A Conversation between CVP and The Rory Peck Trust

The Rory Peck Trust

On 1st June CVP began to support the Rory Peck Trust 365 days a year.

 Chloe Baxter of CVP caught up with RPT’s Molly Clarke at their offices in London to talk about the new relationship and RPT’s work with freelance journalists, video journalists and camera operators.

Chloe Baxter (CB): So Molly, can you tell me about Rory Peck? Who was he and why was the Trust named after him?

Molly Clarke (MC): Rory was a well-respected freelance news cameraman who worked throughout the late twentieth century, covering the first Gulf War; the wars in Bosnia and Afghanistan and the many armed conflicts following the dissolution of the Soviet Union. During that time he captured important images for a range of broadcasters including the BBC and ARD. After he was killed in 1993, his widow Juliet and a group of close friends decided to set up the Rory Peck Trust to provide support for the families of freelance cameramen and camerawomen. Since then we’ve grown into an international organisation supporting freelancers all over the world.

CB: Its great to hear that something that started as a small family and friends-based initiative has grown so successfully. So today – twenty years on – what does the Rory peck Trust do?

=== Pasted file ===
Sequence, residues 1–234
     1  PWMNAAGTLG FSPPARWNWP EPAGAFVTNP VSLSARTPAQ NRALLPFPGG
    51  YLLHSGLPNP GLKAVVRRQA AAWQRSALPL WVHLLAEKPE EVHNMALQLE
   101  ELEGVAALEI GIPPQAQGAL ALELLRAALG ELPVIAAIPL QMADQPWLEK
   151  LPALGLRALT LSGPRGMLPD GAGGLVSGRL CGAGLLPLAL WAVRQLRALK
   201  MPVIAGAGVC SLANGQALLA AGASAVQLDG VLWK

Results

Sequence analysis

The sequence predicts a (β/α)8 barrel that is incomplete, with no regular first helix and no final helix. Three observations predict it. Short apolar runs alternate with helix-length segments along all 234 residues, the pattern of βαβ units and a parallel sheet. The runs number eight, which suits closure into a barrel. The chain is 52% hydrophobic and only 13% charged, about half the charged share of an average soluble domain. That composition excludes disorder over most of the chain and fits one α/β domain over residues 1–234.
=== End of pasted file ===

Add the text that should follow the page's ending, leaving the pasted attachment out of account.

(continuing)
MC: Things have changed quite a bit during the last twenty years and the work that we do has expanded massively, especially as news and media organisations rely more heavily on freelance journalists – whether they’re holding a pen, or a camera or working as a fixer or translator. We support them all.

The world is also a much more dangerous place for journalists today. We’ve seen that most starkly in Syria with the recent kidnappings and executions, but all over the world journalists are targeted and silenced by those who see their independent voices as threats. And freelancers are always the most vulnerable because most work alone, without a steady income, and without the protection and backup of an organisation. So if something goes wrong, the consequences for them and their families can be really severe. That’s where we step in – to support freelancers financially and practically. We’re still the only organisation in the world that is dedicated to helping freelancers in this way.